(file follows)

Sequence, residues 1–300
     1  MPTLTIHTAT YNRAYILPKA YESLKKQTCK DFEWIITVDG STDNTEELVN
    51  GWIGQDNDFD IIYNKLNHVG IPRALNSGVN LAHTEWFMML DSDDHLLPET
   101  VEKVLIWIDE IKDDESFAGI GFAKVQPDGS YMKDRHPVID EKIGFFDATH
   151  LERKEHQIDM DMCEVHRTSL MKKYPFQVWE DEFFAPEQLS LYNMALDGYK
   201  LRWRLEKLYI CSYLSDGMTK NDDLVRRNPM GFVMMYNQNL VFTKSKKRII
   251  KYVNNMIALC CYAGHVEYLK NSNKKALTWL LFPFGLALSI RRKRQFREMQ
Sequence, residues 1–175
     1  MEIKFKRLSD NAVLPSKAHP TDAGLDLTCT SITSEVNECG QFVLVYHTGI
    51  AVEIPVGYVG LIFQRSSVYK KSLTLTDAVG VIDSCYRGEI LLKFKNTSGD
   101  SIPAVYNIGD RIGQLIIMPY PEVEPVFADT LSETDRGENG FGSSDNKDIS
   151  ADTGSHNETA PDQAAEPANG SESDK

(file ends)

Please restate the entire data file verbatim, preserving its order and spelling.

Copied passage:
Sequence, residues 1–300
     1  MPTLTIHTAT YNRAYILPKA YESLKKQTCK DFEWIITVDG STDNTEELVN
    51  GWIGQDNDFD IIYNKLNHVG IPRALNSGVN LAHTEWFMML DSDDHLLPET
   101  VEKVLIWIDE IKDDESFAGI GFAKVQPDGS YMKDRHPVID EKIGFFDATH
   151  LERKEHQIDM DMCEVHRTSL MKKYPFQVWE DEFFAPEQLS LYNMALDGYK
   201  LRWRLEKLYI CSYLSDGMTK NDDLVRRNPM GFVMMYNQNL VFTKSKKRII
   251  KYVNNMIALC CYAGHVEYLK NSNKKALTWL LFPFGLALSI RRKRQFREMQ
Sequence, residues 1–175
     1  MEIKFKRLSD NAVLPSKAHP TDAGLDLTCT SITSEVNECG QFVLVYHTGI
    51  AVEIPVGYVG LIFQRSSVYK KSLTLTDAVG VIDSCYRGEI LLKFKNTSGD
   101  SIPAVYNIGD RIGQLIIMPY PEVEPVFADT LSETDRGENG FGSSDNKDIS
   151  ADTGSHNETA PDQAAEPANG SESDK